. . . the place where Jesus is said to have been born . . .
So...can you provide links showing that the excerpts above are less factual than they might be?
Fifty Bibles of Constantine
According to Eusebius, Constantine I wrote him in his letter:
"I have thought it expedient to instruct your Prudence to order fifty copies of the sacred Scriptures, the provision and use of which you know to be most needful for the instruction of the Church, to be written on prepared parchment in a legible manner, and in a convenient, portable form, by professional transcribers thoroughly practised in their art."
About accomplishing the Emperor's demand:
"Such were the emperor's commands, which were followed by the immediate execution of the work itself, which we sent him in magnificent and elaborately bound volumes of a threefold and fourfold form."
 Vita Constantini, IV,36
 Vita Constantini, IV,37
The Development of the Canon of the New Testament
An early Christian authority is included in this survey if he or it gives important evidence on the development of the canon of the New Testament (perhaps even having some influence on it) and did so before ~400 CE, when the first complete manuscripts of the Vulgate were issued. The early 'authorities' fall into these categories:
- early Church fathers (Ignatius, Polycarp, Justin Martyr, Irenaeus, Clement, Tertullian, Origen, Eusebius, Didymus the Blind)
- early heretics and their followers (Marcion and Marcionites, Valentinus and the Valentinians)
- lists of canonical books (Muratorian Canon, Athanasius' Festal Epistle)
- a single manuscript collection (codex Sinaiticus)
- series of manuscripts (Pe#ta, Vulgate)
Why do we bother, do ya think? I mean, psychologically...why do we bother?
I think that would be a good solution to what that quote in ex-minister was talking about.
I would be of the opinion that Eusebius' Praeparatio Evangelica ( Preparation of the Gospel ) would be the work that met the criteria stated here:
"Make them to astonish" said Constantine, and "the books were written accordingly" (Life of Constantine, vol. iv, pp. 36-39)
So the owner of the web-site, ex-minister, seems to be alternating between Eusebius and God's Book of Eskra and "accidentally" putting the wrong citation to the "astonish" statement.
"fifty sumptuous copies ... to be written on parchment in a legible manner, and in a convenient portable form, by professional scribes thoroughly accomplished in their art"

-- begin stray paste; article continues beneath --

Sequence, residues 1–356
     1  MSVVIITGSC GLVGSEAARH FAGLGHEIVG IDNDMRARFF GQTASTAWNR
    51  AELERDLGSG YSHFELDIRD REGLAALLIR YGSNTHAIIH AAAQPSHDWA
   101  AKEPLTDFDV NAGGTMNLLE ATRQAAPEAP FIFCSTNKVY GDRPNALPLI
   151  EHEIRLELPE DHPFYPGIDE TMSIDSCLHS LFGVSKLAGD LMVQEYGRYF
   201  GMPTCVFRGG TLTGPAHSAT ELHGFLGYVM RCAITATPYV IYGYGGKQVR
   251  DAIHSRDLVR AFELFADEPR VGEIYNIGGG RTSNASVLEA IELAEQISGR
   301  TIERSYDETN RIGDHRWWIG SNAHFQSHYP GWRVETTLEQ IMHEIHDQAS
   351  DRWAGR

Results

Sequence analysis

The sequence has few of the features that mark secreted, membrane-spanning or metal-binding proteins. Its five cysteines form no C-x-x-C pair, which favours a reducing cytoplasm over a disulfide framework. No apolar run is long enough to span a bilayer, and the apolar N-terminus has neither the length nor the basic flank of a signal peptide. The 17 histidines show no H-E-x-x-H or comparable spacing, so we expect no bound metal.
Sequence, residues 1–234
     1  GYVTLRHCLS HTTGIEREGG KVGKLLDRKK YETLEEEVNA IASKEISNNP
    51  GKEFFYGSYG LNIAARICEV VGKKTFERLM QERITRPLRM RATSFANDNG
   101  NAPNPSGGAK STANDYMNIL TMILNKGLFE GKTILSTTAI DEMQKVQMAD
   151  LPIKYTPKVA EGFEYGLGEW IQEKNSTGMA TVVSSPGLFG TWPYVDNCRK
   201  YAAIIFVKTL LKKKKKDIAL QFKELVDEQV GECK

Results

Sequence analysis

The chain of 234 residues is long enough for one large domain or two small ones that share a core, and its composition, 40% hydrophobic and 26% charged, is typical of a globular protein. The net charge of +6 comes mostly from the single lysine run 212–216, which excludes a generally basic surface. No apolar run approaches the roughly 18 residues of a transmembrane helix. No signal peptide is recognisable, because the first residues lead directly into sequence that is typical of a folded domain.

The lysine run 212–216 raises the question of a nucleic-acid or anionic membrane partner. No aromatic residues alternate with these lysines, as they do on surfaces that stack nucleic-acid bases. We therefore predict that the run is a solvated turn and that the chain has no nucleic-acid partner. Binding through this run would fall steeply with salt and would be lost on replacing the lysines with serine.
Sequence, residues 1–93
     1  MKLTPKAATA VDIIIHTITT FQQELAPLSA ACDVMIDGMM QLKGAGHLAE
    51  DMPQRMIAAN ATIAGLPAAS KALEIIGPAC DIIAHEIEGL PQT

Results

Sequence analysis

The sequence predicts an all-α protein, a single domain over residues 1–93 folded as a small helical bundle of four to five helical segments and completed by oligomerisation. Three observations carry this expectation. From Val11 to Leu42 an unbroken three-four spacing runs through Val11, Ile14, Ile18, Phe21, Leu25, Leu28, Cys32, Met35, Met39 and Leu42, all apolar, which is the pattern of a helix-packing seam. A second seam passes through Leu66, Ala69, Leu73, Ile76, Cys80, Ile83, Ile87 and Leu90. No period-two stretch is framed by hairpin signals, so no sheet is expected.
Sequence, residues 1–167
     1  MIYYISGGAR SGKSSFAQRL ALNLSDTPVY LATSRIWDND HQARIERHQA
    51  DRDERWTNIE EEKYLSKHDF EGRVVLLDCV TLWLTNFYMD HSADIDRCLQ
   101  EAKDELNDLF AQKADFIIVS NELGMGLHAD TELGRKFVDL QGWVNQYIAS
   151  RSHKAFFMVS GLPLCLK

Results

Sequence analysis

So one of the holist places in Christendom was randomly chosen by Constantine’s mum . . .
Originally posted by redoubt
reply to post by wildtimes
Christianity was the ultimate product of religious syncretism in the ancient world. Its emergence owed nothing to a holy carpenter. There were many Jesuses but the fable was a cultural construct. The nativity yarn is a concatenation of nonsense. The genealogies of Jesus, both Matthew's version and Luke's, are pious fiction. Nazareth did not exist in the 1st century AD – the area was a burial ground of rock-cut tombs. With multiple authors behind the original gospel story it is no surprise that the figure of "Jesus" is a mess of contradictions. Yet the story is so thinly drawn that being a "good Christian" might mean almost anything. The 12 disciples are as fictitious as their master, invented to legitimise the claims of the early churches. The original Mary was not a virgin, that idea was borrowed from pagan goddesses. The pagan world knew all about virgins getting pregnant by randy gods: The Mythical "Virgin Mother".
The above is, of course, based on one person's interpretation/opinion of the Christian gospels and other various in-paths to the story of Jesus Christ. This person is entitled to their opinion... they have a right (in my opinion) to spread their own version of that aforementioned gospel.
Moreover, it is currently trendy in a cultural sense to slam Christianity. One must expect this kind of thing.
Yes it is trendy to slam Christians it takes no balls to do so, it would take real balls to slam Islam becase if you do they will cut your head off. Maybe Christians should take up the sword and do the same.
Let's start with a summary of the plot:
Jesus married Mary Magdalene as well as two other women in his lifetime. Mary was a descendant of King Herod and Jesus was a descendant of a Celtic king named Lud. (I don't know how a Celtic managed to work his way to, and survive in, Jewish Palestine, where he'd stick out like the sorest thumb this side of Los Angeles.)
Jesus' line eventually fostered Constantine . However, Jesus and a twin brother named Judas Khrestus (?!) were "conceived by rape or adultery" between a member of Herod's family and the Emperor Tiberius.  Some stories in the Gospels, like the Temple cleansing, are actually about Khrestus  and this Khrestus escaped a sentence of crucifixion imposed by Caligula in 37 by appealing to an "age-old tradition" that allowed him to have someone sub in for him 
Originally posted by Starchild23
It is interesting to find that, when one researches the origin of God, one is lead to a plethora of other gods and religions...
What does this tell us about Christianity?
I'm not stating an opinion, but it is interesting that the Bible warned against anyone investigating or even mentioning whether or not Josh actually existed.
Originally posted by wildtimes
...Does it? Hmmm. It's not my handbook, so I guess it wasn't intended for me. Glad I have the option to investigate and mention it without fear of punishment. Haven't been struck by lightning yet. No natural disasters in my experience except a couple of tornadoes that swept near my home. I feel lots of peace and hope emanating from within. I feel connected to the Essence, one with it, and joyful every day that I live.
...So, I choose to continue not using that archaic and confusing handbook that was written for a diaspora of people with whom I have no claim of membership.